Employees are generally a better judge of which hardware will help them be the most productive. If you force every individual in your workforce to conform to exactly the same equipment, you may be hurting the employee experience. Instead of assigning standardised hardware, consider giving each employee an equipment budget with which they can requisition specific hardware to meet their specific needs and responsibilities.
  • Location
    2020 forced a shift in attitude towards the concept of the remote worker. Today, employees are less understanding of company policies that force them to remain in the office without justification. Where online capabilities allow for remote work without a drop in capability, give your employees the freedom to choose where they work. And for those who do have to be in the office, open-style workspaces allow employees to find the spot that best nurtures their own productivity.
  • Hours
    Again, unless absolutely necessary to foster coordination between teams and departments, or to better serve customers, there really isn’t any reason why every employee should have to work the same 9 – 5 work day. Wherever possible, allow your employees to set their own work hours, and then assess their effectiveness based on quality of work, not hours spent sitting at a desk.

Segment your workforce

Consider how your employee’s journey is different based on departments, like software developers and recruiters. Segment your workforce based on these different personas. Thinking about the journey of different employees will help you prepare for creating multiple journey maps.

Create multiple employee journey maps

You don’t have to create a great deal of journey maps, but you need to be inclusive by including sub-maps or smaller variations within a map. You shouldn’t only account for the type of job and its related tasks; also take into account the age of the hire and other personal information you may have access to—development opportunities are valued differently based on an employee’s generation and prior experiences.

Survey your employees

Conduct regular surveys and collect information to better understand what employees think of your efforts, and where you may need to improve.

Revise according to feedback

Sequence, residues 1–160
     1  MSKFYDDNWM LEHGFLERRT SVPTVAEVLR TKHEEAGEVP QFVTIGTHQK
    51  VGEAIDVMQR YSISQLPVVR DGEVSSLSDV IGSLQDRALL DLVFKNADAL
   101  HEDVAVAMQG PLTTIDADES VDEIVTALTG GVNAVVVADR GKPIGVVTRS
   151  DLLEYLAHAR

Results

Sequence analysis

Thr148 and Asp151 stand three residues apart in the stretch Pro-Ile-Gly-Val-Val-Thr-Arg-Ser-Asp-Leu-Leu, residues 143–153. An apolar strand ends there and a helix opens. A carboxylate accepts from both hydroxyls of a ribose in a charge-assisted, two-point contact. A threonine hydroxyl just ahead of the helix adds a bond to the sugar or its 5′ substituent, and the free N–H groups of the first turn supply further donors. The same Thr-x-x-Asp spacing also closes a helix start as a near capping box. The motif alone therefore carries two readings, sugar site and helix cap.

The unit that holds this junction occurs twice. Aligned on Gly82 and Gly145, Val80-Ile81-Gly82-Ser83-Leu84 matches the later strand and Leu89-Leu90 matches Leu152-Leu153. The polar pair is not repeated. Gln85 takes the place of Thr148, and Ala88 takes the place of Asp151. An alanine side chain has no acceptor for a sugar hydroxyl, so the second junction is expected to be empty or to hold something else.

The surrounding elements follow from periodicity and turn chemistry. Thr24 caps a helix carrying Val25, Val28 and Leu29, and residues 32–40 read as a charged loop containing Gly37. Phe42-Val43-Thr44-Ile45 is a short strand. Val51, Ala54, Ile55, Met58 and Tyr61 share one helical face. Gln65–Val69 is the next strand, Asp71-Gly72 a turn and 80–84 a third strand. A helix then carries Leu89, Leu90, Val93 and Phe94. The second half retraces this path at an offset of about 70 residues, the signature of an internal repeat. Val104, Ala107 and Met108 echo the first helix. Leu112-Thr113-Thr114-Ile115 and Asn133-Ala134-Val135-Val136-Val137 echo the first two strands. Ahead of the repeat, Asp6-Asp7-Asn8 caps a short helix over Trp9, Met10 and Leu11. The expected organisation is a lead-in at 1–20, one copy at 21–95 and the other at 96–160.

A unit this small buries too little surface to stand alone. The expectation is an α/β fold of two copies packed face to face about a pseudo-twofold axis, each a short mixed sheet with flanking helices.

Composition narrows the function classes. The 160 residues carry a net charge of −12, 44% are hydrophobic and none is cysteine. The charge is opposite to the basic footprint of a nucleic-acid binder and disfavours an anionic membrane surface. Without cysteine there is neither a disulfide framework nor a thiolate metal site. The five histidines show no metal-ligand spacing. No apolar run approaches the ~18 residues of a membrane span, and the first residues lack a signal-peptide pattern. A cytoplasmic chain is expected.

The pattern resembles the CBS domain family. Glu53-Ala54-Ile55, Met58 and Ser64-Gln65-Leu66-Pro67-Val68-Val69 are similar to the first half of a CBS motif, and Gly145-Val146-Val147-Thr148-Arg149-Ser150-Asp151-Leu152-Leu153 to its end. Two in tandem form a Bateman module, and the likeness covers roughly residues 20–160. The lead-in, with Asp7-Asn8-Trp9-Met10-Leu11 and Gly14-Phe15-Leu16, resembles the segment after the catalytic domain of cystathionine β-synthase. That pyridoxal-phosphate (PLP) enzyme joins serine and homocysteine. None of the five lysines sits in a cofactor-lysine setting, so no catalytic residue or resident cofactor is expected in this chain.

Surveys provide cumulative data, but qualitative feedback is also crucial for improving journey maps. For example, after participating in a training session, reach out to see what your employees thought of it, if they found the information useful, and if they feel as though they need to move forward. If the feedback is negative, or if employees provide valid suggestions for improvement, update and revise the training for an improved experience.

Measure your success every step of the way

Keep track of KPIs and the success of your employee journey mapping. Set your own parameters for success of onboarding, recognition and development. Measuring recognition efforts can also be automated and integrated with recognition software.

Modern enterprises need to realign their focus on improving the employee experience. ServiceNow provides the tools and resources to help make this possible, with Employee Journey Management.

Employee Journey Management is a new package of enterprise-wide capabilities designed to help optimise the individual employee’s experiences as they move through their own unique, dynamic career journeys.

The Journey Accelerator app makes it easy for management to personalise employee roles and organise important activities and tasks to promote success every step of the way. Listening and learning posts help collect employee feedback and provide valuable educational opportunities. Lifecycle events incorporate automated workflows to help facilitate complex employee requests. Experience packs give HR teams important blueprints for simplified journeys, including prepackaged workflows, content and configuration.

After all, your employees really are the heart of your business. Give them the support they need to ensure positive experiences and effective paths to personal success. ServiceNow makes it possible.